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Q&A: Tualatin teenager wins best screenplay at Future of Cinema Film Festival

November 21, 2013


Nov. 21--A Tualatin teenager won best screenplay for a short film about girls in World War II Germany at a film festival for young filmmakers.

Abigail Magsarili, 16, took home the award at the Future of Cinema Film Festival, held by the Interlochen Center for the Arts, a fine arts boarding school in Michigan.

The winning script "Shadow Puppets," at nine pages, told a story about two sisters comforting themselves during air raids with a shadow puppet adventure on their bedroom wall. It reads as a silent short film.

"Abigail's screenplay has a great sense of image on the page, completely without the aid of dialogue," said Michael Mittelstaedt, a judge and director of the Motion Picture Arts program at Interlochen, in a press release.

The award comes with a $300 Apple gift card and $2,000 scholarship to the academy's camp. Magsarili is writing a third draft of "Shadow Puppets" based on suggestions she received at the festival. She hopes to eventually see it on screen, but money, especially for historical films, presents a challenge.

[READ: Shadow Puppets (pdf) in full]

The Oregonian talked with Magsarili, who is homeschooled, about her love for screenwriting. Answers have been edited for clarity and brevity:

What made you interested in screenwriting?

I've been writing stories since I was eight or nine, and my mom suggested exploring screenwriting. I did a lot of research at the Tualatin Library, and read how-to books on screenwriting. The first one I finished when I was 11 was a short called "Pirates in the Suburbs," which my neighbors and I made over the course of two weeks and was screened at the Tualatin Heritage Center.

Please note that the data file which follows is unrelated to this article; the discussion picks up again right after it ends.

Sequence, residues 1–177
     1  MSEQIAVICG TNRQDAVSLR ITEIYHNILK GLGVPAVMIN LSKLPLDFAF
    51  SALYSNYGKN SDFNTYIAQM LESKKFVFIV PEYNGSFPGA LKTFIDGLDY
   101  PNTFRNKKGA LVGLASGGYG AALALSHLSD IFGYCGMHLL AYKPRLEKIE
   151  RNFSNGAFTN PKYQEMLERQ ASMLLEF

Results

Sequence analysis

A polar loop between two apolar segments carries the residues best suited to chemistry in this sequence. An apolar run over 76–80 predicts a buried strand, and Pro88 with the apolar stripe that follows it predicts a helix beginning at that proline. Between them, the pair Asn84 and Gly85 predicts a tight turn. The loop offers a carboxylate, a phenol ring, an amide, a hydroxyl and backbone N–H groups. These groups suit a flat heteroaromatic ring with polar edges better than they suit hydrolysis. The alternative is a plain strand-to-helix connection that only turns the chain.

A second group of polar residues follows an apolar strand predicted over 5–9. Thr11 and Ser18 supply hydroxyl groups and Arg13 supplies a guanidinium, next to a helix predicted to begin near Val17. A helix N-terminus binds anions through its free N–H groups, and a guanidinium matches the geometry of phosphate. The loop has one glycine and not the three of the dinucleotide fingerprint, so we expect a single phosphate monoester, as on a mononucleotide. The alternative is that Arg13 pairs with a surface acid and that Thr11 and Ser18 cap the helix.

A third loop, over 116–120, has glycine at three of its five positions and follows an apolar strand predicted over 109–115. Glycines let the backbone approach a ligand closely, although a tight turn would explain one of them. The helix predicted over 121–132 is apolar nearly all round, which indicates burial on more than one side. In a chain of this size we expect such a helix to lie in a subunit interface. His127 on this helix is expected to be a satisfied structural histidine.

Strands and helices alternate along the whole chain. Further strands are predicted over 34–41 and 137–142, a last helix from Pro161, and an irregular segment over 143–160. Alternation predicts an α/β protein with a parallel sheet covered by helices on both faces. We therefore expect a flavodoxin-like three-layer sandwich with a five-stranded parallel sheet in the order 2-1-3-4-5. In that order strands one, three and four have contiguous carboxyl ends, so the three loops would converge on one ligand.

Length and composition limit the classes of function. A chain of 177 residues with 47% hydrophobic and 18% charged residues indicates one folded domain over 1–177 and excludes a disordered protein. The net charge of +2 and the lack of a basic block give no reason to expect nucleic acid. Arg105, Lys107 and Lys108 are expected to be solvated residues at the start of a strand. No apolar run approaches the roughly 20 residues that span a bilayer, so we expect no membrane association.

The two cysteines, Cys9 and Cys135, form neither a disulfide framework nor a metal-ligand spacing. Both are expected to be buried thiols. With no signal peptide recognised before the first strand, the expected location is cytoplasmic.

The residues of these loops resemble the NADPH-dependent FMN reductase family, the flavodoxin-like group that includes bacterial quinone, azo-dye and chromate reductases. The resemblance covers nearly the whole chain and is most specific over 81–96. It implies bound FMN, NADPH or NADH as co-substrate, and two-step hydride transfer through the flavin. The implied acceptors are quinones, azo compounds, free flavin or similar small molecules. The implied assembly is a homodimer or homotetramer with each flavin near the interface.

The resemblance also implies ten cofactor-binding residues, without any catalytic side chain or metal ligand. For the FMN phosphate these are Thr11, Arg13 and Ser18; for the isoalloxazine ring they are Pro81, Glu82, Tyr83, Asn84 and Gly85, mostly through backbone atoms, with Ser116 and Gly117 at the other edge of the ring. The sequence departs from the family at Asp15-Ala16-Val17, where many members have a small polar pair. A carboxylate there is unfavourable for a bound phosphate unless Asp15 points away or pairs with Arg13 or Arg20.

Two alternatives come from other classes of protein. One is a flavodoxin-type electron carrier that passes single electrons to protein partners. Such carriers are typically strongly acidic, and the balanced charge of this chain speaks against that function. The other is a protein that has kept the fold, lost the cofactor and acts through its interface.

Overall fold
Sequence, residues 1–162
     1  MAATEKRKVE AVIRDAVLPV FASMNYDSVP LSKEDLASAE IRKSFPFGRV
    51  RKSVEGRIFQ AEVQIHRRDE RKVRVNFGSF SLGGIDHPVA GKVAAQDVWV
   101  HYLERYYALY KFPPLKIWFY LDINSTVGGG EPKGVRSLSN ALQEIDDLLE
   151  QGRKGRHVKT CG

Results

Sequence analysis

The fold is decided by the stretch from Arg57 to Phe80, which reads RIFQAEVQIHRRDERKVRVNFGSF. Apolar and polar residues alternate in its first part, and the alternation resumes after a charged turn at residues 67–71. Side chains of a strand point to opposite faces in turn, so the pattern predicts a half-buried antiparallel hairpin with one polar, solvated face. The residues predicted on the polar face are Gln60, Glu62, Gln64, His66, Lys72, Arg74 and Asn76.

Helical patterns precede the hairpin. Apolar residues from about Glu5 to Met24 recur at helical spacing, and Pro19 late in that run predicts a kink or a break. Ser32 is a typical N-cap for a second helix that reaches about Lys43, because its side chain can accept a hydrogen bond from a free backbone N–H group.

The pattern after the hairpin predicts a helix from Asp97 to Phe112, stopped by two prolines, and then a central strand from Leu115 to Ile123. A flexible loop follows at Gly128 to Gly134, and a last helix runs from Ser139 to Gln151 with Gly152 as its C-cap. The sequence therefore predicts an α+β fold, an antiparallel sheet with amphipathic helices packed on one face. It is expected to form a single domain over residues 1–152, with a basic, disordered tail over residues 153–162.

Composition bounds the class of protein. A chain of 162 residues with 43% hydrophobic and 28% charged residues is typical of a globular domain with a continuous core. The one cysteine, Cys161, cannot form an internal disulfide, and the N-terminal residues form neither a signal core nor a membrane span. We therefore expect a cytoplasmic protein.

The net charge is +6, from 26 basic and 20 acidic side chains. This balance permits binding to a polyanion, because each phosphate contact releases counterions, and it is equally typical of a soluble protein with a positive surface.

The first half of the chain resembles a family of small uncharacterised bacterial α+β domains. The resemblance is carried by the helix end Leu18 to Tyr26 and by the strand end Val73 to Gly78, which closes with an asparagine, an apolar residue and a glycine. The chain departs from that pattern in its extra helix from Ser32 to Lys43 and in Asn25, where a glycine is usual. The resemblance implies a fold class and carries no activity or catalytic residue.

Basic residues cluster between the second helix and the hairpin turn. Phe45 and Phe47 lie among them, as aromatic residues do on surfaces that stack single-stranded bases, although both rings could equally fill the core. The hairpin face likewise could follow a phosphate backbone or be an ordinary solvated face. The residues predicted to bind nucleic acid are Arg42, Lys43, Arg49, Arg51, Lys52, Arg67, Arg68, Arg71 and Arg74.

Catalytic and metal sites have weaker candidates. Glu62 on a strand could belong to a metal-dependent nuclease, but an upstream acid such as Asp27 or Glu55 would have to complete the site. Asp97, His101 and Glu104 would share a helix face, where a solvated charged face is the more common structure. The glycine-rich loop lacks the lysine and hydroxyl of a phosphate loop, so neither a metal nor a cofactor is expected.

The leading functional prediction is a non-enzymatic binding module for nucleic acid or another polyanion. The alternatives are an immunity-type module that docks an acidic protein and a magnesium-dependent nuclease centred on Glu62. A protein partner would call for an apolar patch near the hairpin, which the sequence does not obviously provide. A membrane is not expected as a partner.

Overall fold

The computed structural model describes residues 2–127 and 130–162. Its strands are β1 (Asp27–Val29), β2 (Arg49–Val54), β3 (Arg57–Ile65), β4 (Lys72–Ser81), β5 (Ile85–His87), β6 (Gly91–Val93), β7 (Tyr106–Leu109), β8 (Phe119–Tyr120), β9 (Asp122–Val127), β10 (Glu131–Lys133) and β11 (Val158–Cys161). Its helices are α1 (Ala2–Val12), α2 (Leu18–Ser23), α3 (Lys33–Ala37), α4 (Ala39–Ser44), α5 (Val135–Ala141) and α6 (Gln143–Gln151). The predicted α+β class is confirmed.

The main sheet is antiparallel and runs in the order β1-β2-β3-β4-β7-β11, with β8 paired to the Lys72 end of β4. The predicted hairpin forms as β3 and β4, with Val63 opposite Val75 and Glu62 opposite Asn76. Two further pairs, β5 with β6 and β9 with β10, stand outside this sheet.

How did you think of the idea for Shadow Puppets?

I was watching interviews for Your Highness, and two of the actors talked about a game they played in film school where they started with title and came up with an idea for it. So I would write down phrases and try to imagine the stories behind them. When I wrote down shadow puppets, my mind automatically went to literal shadow puppets. The story I wrote was what I immediately thought of.

What are your favorite movies?

I love drama, adventure and historical fiction, pretty everything except horror and romance. My favorites include Lord of the Rings, A Beautiful Mind and Empire of the Sun. The winning screenplay was inspired by pretty much all the World War II films, especially Life is Beautiful.

Who are your favorite screenwriters?

A lot of my favorite screenwriters are also the directors, like George Lucas and Steven Spielberg. I don't follow screenwriters as much because they do lots of different things, but I stick to following genres. I also like Steven Moffat, although he does more television like Dr. Who and Sherlock.

What else do you write?

I have novels in the works, but I don't write short stories as much. I write fantasy fiction, historical fiction and slightly dystopian work. I also blog fairly regularly.

What kind of writing do you like best?

I actually like writing screenplays best. With novels, it depends on how you present the sentence whereas with screenplays its fairly artless. You say exactly what you want to shoot or see on the screen. There's no finesse or floweriness.

--Fenit Nirappil: 503-294-4029;


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